Very Good Case study to develop ANALYTICAL & APPLICATION SKILL. Solve it!!!
Alcohol and Government Policy
In the UK, the National Health Service often has to deal with the consequences of drinking alcohol. It is said that there is less trouble in other countries which have more relaxed licensing laws. In the UK, accidents caused by drinking alcohol result in 150 000 hospital admissions every year. Time taken dealing with these admissions prevents other treatment. There are about 22 000 deaths linked to alcohol-related illnesses every year.
There are also other consequences. Very many working days are lost each year because of
alcohol abuse which, it is estimated, cost the employers £6.4 million in lost production. There is also the cost of policing the city centres particularly at night and at weekends when excessive drinking causes riotous behaviour. It is argued that while police are controlling this behaviour it leaves property more vulnerable to burglary. Property owners, as a result, may have to pay extra insurance premiums and protect their property by paying for burglar alarms to be fitted. Then there are legal costs. If people are prosecuted for drink-related offences it involves court costs, lawyers’ costs and costs for the witnesses to attend court. There are also the costs of establishing centres that treat people who drink excessively and the costs of social workers who care for those who are victims of drink-related incidents.
One of the difficulties of trying to calculate the cost of alcohol use is how to estimate figures such as those above. How do we measure the cost of police time? How do we measure the costs of an emotional upset when someone is injured by a drink-related driving accident? How do we measure the effect of violence in the home caused by excessive drinking?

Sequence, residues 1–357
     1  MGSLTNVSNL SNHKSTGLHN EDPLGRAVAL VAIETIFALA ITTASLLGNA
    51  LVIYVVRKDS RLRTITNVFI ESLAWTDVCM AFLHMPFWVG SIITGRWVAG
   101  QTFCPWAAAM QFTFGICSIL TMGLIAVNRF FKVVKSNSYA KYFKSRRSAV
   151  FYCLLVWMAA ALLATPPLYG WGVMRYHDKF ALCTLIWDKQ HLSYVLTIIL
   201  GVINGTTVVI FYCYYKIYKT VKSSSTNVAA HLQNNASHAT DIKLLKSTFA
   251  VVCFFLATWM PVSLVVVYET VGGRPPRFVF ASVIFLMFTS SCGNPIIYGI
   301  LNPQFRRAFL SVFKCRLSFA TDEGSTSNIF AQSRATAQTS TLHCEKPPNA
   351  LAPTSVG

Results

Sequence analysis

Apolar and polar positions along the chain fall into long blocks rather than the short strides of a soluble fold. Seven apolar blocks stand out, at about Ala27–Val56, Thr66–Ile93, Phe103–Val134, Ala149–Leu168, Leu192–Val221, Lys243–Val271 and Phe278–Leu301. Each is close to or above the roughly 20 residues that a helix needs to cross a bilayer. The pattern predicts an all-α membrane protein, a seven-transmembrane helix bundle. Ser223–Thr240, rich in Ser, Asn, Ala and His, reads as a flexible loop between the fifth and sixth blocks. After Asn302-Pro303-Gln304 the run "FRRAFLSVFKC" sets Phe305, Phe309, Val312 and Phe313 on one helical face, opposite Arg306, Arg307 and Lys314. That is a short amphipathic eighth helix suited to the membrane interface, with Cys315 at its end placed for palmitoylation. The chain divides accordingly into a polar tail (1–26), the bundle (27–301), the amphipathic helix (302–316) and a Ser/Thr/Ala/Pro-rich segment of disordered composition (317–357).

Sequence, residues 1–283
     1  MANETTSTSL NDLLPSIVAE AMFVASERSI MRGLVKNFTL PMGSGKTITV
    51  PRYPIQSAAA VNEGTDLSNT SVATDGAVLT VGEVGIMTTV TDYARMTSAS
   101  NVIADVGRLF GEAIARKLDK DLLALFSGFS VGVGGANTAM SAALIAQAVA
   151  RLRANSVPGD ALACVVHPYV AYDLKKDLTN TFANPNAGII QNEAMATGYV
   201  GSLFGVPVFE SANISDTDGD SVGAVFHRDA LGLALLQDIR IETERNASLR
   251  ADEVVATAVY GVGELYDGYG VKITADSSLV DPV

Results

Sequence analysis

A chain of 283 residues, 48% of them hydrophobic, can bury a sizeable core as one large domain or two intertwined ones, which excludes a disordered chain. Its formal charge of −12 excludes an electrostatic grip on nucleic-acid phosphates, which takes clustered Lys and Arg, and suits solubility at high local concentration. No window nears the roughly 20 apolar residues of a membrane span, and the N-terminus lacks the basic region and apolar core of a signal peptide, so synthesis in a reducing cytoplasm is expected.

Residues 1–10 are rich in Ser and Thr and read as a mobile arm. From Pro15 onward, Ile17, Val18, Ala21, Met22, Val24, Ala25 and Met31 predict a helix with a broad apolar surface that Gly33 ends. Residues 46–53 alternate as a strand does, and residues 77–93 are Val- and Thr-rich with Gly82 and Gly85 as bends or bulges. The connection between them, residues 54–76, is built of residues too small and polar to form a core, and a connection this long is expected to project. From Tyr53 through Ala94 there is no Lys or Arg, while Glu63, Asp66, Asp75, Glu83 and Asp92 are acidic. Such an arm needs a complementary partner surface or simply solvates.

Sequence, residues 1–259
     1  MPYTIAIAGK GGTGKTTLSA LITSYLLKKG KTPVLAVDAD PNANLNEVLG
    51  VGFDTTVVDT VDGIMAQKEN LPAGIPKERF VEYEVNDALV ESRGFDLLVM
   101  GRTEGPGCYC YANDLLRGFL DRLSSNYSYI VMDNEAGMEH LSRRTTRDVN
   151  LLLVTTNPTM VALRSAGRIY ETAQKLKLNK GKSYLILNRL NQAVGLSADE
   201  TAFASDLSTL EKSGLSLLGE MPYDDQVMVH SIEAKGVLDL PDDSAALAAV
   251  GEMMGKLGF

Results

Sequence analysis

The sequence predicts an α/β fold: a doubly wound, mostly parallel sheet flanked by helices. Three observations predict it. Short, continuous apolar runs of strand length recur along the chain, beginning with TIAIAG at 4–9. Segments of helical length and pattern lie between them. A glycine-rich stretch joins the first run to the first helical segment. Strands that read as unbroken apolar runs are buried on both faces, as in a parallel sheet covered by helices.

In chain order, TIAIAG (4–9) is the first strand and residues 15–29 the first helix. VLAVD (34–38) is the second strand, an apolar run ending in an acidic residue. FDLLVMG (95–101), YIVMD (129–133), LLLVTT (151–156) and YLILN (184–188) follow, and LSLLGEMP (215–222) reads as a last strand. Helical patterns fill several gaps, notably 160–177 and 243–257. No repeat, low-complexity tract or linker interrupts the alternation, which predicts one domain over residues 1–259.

Yet there are benefits from alcohol. People gain pleasure from drinking: it is a social activity. Some alcohol is said to give health benefits. The government places a tax on alcohol and gains a large amount of revenue as a result. Many people are employed in the manufacture and distribution of drinks. Others are employed in clubs and bars that serve alcohol.
(a) (i) Define opportunity cost. 
(ii) Identify and explain one example of opportunity cost from the above extract. 
(b) You are asked to investigate the economic arguments for and against a ban on the sale and
consumption of alcohol. Discuss how helpful you would find the above extract and what
further information you would seek. 
(c) The government decides not to introduce a ban on alcohol. Instead it considers either raising
the existing indirect tax on alcohol or banning the advertising of alcohol. Discuss which of
these two approaches you would favour. 
[Total : 23]
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